Five women and one man volunteered to replace terming off Art Juror Ken Markstein. At the regular December board meeting, Board President Bill Weber, after stating that all six were well qualified, appointed Sharam Sobhani, which immediately drew rebukes from directors Laurel Lemarié and Bill Strong.
Lemarié stated that proper process was not followed since the Board committee (comprised of Weber, Rick Sapp and Bill Strong) was supposed to present a list of nominees to the President, so Lemarié asked who were the other nominees? Weber declined to name them.
Due to pressure from both Lemarié and Strong after the meeting, it was discovered (by simply asking him) that while Sobhani owned Covenant property, he did not reside here.
There is a list of Art Juror qualifications as per a 2017 Board resolution. Applicants must reside in the Covenant (not just own property) at the time of nomination, must not have a new house construction or addition in front of the Art Jury, and must have attended at least one Art Jury meeting prior to being nominated.
Apprised of this, Weber rescinded his Art Jury appointment. At this point he could have selected one of the other five applicants. He chose not to, thinking that only two of the five remaining applicants were qualified according to the above criteria (the Covenant requires at least three candidates to be nominated for a single vacancy). Weber instead called a special “open” Board meeting, with no proactive notice to the Association membership that took place a week after the regular December Board meeting. No one except Board members, staff and the Association lawyer attended since no one else knew about it.
At the meeting, Weber immediately introduced a motion to extend the Art Jury nomination process until January 31st. After almost an hour of discussions and arguments, the motion passed 4-3 with Comstock, Sapp (calling in from Spain), Gruzdowich, and Weber voting for. Directors Strong, Lemarié, and Kent wanted Weber to pick an Art Juror from the remaining five original volunteers, but were out voted.
Double Super Secret Art Jury Nominees
There’s a lot to unpack here. Let me tackle the subjects one by one. First, why the Art Jury nominee name secrecy?
Before 2019, the Board proposed Art Jury candidates to the Board President, from whom the President would appoint the Art Juror(s). This was documented in the minutes like so. 2017 minutes:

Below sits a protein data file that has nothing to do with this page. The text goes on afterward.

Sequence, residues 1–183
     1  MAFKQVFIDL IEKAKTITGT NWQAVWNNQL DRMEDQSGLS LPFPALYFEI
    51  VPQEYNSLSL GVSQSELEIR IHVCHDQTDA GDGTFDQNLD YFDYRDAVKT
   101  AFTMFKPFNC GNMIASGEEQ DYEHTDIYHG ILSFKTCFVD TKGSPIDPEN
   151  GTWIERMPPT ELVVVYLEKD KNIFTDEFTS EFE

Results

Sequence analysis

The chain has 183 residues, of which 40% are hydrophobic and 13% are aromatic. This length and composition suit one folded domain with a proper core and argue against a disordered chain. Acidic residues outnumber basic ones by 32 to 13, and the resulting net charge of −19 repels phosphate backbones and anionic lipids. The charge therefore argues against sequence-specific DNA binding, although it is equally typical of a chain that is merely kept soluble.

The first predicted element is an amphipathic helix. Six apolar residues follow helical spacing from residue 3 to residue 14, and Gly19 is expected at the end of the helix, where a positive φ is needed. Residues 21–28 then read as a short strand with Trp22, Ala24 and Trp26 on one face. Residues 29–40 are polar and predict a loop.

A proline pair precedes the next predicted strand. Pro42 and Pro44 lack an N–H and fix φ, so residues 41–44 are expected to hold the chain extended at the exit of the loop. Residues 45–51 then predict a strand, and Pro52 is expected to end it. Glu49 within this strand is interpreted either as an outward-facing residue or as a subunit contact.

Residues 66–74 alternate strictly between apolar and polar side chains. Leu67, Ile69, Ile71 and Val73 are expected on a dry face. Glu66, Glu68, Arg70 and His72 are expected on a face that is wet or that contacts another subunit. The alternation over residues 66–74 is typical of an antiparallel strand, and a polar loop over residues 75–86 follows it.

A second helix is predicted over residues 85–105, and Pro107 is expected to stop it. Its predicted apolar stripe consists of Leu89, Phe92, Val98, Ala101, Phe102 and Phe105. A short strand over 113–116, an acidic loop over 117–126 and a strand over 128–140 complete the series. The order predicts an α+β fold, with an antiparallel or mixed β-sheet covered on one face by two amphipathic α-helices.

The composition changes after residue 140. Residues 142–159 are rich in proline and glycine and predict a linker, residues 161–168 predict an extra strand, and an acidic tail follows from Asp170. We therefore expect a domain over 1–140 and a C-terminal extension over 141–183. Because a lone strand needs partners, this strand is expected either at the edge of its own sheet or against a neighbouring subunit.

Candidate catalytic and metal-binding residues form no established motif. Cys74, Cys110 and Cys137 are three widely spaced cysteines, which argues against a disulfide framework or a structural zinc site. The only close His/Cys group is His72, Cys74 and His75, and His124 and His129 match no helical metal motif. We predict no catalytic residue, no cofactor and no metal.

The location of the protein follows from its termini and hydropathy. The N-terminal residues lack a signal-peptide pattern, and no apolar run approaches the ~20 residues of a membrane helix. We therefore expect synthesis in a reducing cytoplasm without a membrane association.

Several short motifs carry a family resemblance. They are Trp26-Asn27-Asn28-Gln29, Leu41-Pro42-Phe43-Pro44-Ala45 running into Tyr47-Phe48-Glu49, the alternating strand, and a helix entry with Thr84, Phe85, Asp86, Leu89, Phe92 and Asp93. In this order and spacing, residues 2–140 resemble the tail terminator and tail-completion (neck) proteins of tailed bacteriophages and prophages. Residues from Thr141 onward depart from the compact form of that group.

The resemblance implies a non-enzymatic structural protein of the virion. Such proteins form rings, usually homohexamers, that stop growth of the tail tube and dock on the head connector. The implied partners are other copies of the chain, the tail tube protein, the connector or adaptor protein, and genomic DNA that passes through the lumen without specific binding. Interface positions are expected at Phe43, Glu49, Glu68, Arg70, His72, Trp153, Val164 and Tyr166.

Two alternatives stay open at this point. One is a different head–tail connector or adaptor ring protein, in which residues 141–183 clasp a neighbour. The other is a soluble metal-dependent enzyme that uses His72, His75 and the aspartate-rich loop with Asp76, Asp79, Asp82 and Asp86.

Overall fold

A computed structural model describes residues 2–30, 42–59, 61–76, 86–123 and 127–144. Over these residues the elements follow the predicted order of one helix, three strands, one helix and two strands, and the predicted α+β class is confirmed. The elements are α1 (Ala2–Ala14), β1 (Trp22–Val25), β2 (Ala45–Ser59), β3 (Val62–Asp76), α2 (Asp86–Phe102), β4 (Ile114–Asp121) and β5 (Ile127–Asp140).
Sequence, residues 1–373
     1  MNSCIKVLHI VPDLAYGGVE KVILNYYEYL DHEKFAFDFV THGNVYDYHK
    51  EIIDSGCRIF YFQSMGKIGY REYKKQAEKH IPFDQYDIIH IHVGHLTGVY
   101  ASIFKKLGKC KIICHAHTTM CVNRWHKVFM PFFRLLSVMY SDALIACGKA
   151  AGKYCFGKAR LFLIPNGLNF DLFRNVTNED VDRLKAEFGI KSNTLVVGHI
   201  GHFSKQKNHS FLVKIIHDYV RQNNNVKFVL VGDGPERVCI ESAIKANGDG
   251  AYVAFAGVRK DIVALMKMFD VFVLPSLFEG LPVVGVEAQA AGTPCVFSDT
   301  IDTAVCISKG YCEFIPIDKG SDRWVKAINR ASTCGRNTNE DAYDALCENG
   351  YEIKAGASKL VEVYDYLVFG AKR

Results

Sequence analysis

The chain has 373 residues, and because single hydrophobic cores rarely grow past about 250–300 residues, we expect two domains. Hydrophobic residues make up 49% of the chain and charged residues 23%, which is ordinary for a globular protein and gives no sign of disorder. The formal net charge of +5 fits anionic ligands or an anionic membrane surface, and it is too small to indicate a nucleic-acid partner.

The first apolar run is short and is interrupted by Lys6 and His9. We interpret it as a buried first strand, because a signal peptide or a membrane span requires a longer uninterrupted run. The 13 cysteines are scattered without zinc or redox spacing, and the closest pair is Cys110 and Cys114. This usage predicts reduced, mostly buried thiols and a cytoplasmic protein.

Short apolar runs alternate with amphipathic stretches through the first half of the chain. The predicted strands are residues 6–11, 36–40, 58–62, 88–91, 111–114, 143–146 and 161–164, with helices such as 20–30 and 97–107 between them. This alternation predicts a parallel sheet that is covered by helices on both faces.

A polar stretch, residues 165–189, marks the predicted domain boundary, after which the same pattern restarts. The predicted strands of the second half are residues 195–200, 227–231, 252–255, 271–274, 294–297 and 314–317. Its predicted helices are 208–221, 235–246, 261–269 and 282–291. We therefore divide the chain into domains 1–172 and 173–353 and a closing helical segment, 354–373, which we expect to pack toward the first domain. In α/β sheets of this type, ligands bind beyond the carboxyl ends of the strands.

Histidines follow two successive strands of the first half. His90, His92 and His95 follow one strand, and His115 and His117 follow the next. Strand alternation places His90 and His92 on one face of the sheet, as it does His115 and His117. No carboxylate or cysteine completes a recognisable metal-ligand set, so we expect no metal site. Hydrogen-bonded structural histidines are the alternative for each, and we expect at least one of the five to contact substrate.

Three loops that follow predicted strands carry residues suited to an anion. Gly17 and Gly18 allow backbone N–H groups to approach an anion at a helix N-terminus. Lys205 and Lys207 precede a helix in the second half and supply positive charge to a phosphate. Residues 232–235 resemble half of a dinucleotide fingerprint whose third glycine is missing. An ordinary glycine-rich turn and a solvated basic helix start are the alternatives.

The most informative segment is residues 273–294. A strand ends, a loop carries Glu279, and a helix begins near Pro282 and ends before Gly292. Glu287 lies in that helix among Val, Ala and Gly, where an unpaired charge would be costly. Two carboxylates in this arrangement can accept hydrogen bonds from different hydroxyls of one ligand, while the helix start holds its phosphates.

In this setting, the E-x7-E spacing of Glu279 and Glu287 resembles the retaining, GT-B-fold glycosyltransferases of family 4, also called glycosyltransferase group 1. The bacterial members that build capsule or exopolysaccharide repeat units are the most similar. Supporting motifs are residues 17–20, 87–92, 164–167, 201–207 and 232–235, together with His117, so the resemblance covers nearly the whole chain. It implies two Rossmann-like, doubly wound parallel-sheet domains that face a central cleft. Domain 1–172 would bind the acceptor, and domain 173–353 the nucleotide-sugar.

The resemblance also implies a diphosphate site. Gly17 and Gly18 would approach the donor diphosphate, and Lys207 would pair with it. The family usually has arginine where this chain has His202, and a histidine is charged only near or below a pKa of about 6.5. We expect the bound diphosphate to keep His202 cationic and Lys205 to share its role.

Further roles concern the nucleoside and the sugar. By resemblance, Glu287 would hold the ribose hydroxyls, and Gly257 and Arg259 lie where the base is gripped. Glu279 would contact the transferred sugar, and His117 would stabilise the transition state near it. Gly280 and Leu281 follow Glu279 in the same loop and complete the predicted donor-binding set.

As you can see highlighted, nominees were documented. In the 2018 minutes, likewise:
Nominees were also documented in the 2016 minutes. A funny thing happened when Rick Sapp became Board President. No longer were we told who the Art Jury applicants were. 2019 minutes:
So what gives? The 2017 board resolution about Art Jury selection plainly states that nominees are given to the President during an open meeting, meaning not on some secret slip of paper – in an open meeting, ergo we, the membership, must be told who the nominees are as was done historically. Other than Sapp becoming President, and Gallagher and Weber following his lead, nothing has changed regarding this process.
In subsequent discussions with Weber, he said that he will abide by the 2017 resolution going forward and ensure the list of nominees is shared with the membership when he makes his Art Juror selection after January 31st.
Weber still won’t tell anyone who the nominees are so I did some sleuthing to find out. By long standing Association practice, the nominees should be known to all members, so here they are in alphabetical order: Alexandria Klipstein, Brie Bornstein, Janet McVeigh, Keli Wozniak, Sharam Sobhani, Sharon Ruhnau.
What jumped out to me from this list is that it contains a former Art Juror and a former Association Board member. That Weber didn’t select either one, twice, is interesting to say the least. In the special meeting, Sapp was heard to say “We need new blood on the Art Jury”. Sapp is in his sixth continuous year as a Board member, which normally have three year terms.
In talking with five of the six applicants, a few things became apparent.
First, the Association has fallen down on its job of communicating the basic eligibility requirements of Art Jurors. Some applicants were not in fact eligible based on the 2017 board resolution criteria. When I talked to them, these applicants had no idea they weren’t eligible since it never came up in interviews. In addition, some applicants didn’t know how time consuming the position was – essentially 3 or 4 full time days every three weeks, and requiring enough stamina to endure two full days reviewing highly technical documents.